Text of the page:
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6 p.

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American Society for Microbiology

Source Publication

Applied and Environmental Microbiology

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Nitrogen-fixing bacteria collectively called rhizobia are adapted to live in polyphenol-rich environments. The mechanisms that allow these bacteria to overcome toxic concentrations of plant polyphenols have not been clearly elucidated. We used a crude extract of polyphenols released from the seed coat of the black bean to simulate a polyphenol-rich environment and analyze the response of the bean-nodulating strain Rhizobium etli CFN42. Our results showed that the viability of the wild type as well as that of derivative strains cured of plasmids p42a, p42b, p42c, and p42d or lacking 200 kb of plasmid p42e was not affected in this environment. In contrast, survival of the mutant lacking plasmid p42f was severely diminished. Complementation analysis revealed that the katG gene located on this plasmid, encoding the only catalase present in this bacterium, restored full resistance to testa polyphenols. Our results indicate that oxidation of polyphenols due to interaction with bacterial cells results in the production of a high quantity of H2O2, whose removal by the katG-encoded catalase plays a key role for cell survival in a polyphenol-rich environment.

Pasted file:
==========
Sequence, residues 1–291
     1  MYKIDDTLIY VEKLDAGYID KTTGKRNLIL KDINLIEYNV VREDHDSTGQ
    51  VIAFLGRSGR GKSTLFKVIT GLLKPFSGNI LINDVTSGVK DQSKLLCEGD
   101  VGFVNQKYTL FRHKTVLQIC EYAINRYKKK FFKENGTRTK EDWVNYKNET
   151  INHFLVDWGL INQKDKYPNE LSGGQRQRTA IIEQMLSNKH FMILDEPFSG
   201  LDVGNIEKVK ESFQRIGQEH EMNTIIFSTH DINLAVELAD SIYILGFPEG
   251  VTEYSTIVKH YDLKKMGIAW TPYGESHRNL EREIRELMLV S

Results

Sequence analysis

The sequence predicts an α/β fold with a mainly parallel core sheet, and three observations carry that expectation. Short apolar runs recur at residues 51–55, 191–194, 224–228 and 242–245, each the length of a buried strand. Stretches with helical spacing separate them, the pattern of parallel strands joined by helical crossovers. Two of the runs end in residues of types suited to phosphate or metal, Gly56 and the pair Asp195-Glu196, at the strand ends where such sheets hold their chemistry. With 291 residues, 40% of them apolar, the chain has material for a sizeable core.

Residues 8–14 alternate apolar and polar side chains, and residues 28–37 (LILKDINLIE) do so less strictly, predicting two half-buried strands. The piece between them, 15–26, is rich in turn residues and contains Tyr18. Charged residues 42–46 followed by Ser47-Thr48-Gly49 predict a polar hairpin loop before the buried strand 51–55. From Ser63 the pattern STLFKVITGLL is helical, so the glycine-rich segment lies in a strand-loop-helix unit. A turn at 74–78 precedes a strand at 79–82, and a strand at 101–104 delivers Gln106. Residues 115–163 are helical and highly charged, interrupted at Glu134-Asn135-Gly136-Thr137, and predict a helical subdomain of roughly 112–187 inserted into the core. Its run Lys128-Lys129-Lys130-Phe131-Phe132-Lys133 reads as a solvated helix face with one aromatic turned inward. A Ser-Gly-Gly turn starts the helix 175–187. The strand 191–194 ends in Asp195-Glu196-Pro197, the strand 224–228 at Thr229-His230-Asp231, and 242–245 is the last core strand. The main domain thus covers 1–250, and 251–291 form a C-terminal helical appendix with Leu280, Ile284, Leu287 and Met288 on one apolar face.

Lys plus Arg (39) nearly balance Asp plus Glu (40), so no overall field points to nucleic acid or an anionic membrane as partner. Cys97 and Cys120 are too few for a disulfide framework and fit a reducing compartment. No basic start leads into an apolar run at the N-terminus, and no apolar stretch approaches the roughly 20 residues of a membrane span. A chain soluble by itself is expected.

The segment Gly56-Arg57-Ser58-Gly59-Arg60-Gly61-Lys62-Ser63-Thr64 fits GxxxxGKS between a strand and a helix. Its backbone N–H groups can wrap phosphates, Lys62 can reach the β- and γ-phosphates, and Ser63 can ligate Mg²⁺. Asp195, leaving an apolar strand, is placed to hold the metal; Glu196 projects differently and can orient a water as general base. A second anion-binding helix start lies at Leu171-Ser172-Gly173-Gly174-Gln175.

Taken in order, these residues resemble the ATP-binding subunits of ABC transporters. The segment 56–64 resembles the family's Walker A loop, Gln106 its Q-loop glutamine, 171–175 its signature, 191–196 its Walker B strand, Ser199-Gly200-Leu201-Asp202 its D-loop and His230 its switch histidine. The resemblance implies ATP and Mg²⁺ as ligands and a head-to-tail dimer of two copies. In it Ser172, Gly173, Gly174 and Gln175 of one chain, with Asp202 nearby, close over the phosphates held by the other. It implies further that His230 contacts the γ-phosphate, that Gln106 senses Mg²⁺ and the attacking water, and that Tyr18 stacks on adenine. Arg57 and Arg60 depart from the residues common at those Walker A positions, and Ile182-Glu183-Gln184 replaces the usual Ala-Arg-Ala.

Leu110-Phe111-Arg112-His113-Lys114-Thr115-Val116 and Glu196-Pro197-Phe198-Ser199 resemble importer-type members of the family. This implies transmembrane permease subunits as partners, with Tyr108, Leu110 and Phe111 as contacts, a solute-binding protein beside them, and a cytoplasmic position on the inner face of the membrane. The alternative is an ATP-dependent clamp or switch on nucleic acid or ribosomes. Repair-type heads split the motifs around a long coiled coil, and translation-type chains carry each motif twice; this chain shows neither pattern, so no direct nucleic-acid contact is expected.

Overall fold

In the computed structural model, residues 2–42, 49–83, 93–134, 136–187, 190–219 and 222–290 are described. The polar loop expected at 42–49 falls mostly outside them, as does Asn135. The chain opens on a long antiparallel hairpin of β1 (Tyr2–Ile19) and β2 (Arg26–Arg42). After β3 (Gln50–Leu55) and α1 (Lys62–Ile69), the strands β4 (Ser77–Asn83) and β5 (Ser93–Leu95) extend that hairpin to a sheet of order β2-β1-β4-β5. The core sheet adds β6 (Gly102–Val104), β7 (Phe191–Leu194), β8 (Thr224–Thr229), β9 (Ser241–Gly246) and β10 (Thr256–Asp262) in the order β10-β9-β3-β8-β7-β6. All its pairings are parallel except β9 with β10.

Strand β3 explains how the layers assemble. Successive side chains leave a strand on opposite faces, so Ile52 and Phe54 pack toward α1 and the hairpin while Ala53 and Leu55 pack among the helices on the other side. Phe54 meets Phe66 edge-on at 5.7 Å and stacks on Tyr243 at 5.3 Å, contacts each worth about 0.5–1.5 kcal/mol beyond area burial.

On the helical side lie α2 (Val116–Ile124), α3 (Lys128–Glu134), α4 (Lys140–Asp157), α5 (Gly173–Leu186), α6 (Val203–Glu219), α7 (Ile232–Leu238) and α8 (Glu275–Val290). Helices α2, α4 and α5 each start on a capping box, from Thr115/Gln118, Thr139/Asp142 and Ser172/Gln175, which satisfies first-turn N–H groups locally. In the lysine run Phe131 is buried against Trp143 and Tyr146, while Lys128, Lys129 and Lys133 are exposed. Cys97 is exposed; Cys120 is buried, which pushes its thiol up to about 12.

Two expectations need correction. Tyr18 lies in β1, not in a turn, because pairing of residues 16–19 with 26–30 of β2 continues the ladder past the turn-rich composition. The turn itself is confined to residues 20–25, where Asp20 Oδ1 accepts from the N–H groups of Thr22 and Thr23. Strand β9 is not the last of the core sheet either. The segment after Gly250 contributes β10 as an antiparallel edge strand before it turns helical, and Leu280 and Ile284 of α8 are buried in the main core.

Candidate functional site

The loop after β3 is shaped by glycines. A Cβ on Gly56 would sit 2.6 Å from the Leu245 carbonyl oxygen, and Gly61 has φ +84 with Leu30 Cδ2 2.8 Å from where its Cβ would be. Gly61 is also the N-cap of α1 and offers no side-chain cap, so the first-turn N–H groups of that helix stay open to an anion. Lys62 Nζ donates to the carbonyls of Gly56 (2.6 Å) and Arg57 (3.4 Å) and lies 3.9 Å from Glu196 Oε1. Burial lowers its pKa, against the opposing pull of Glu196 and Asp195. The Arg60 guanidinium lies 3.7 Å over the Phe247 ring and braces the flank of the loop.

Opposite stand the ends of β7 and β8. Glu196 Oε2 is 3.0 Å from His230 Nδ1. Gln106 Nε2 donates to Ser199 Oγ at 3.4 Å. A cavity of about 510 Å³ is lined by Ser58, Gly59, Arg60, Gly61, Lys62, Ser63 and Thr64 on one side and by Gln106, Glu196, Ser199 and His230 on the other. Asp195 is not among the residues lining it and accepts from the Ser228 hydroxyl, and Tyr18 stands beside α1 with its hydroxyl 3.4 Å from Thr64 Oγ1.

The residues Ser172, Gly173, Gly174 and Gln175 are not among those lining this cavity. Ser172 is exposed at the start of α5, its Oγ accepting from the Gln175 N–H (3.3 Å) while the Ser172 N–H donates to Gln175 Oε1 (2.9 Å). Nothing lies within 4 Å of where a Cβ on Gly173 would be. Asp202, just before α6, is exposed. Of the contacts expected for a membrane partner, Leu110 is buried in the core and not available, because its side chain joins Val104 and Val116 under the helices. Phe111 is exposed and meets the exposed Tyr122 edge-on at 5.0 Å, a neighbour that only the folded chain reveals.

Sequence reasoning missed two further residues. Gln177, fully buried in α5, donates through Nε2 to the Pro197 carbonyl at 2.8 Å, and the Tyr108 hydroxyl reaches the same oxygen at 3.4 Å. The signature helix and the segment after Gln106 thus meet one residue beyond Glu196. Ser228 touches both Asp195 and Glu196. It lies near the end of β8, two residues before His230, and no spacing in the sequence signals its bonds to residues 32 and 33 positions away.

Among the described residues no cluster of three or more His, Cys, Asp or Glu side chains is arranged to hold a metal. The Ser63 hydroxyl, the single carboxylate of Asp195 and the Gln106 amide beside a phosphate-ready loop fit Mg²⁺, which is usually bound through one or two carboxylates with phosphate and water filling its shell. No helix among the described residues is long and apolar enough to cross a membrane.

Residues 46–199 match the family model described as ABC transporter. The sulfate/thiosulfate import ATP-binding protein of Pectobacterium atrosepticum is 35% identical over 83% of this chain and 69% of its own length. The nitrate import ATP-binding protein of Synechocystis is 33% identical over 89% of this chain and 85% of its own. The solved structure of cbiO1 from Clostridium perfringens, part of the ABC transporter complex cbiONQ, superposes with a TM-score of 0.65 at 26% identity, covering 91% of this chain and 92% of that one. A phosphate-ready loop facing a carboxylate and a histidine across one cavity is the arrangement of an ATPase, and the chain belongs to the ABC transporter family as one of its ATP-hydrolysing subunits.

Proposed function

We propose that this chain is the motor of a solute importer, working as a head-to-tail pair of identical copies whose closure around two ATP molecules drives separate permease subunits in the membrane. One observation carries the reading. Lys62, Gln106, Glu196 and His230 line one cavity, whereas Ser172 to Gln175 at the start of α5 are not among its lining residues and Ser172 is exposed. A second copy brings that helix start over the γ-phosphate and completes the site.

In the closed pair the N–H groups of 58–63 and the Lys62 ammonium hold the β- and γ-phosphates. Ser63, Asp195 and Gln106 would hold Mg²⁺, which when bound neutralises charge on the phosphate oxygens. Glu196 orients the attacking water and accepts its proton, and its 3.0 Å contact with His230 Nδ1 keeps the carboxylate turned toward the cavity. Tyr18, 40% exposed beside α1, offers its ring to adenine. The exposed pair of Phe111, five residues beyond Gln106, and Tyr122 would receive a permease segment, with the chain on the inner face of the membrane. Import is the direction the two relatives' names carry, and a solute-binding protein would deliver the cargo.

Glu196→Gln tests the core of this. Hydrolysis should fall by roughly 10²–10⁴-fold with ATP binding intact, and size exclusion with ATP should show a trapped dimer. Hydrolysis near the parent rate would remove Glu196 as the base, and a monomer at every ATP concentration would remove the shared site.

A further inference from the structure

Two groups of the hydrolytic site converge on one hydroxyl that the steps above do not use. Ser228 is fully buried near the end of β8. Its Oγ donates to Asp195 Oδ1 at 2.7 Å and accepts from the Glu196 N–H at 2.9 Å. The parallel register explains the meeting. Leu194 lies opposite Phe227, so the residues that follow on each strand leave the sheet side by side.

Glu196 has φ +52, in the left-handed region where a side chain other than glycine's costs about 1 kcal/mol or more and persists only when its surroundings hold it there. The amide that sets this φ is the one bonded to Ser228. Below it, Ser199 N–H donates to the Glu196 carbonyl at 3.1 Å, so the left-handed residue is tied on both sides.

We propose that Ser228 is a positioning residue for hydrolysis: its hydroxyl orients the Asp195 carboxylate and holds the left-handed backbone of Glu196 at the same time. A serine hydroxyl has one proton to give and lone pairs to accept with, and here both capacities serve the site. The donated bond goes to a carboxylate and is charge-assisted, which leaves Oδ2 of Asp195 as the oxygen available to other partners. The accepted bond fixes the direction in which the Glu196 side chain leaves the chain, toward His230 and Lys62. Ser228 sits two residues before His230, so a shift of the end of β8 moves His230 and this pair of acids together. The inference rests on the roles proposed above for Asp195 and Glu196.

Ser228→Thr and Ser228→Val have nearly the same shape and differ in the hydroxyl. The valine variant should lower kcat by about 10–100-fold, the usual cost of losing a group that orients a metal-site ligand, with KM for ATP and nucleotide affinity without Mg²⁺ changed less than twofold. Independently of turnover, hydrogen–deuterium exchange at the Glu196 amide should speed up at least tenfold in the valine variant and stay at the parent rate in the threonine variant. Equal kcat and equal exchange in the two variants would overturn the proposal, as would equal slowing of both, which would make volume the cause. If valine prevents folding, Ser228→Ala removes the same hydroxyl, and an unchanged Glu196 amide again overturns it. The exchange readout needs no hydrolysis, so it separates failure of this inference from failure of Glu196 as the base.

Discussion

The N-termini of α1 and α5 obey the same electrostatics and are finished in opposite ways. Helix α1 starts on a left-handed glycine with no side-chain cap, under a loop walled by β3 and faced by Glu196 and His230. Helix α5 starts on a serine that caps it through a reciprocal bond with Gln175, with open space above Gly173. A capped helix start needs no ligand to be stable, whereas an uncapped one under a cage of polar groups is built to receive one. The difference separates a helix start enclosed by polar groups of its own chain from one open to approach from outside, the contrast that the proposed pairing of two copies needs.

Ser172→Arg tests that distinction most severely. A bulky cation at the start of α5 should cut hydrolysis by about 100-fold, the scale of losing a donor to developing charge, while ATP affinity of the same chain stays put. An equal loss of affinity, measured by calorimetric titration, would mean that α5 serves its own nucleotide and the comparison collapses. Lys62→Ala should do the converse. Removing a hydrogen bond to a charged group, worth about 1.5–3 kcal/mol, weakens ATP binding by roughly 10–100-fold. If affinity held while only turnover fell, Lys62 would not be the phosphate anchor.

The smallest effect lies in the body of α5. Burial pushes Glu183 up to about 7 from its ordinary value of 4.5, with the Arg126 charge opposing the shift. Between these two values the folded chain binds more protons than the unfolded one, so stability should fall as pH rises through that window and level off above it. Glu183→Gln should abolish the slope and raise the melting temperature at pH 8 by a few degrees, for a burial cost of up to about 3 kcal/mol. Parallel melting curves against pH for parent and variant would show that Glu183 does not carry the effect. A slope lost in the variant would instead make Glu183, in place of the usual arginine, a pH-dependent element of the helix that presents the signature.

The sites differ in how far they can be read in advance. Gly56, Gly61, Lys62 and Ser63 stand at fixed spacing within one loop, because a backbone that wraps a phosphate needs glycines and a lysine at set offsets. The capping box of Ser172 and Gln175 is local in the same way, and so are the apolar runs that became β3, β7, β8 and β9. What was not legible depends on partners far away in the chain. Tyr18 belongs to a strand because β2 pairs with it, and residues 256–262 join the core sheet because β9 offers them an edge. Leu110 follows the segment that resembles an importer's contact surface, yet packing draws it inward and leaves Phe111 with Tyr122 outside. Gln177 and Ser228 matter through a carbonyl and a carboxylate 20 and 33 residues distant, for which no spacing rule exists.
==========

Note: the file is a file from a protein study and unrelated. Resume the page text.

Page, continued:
Published version. Applied and Environmental Microbiology, Vol. 74, No. 8 (April 2008): 2398-2403. DOI. © 2008 American Society for Microbiology. Used with permission.

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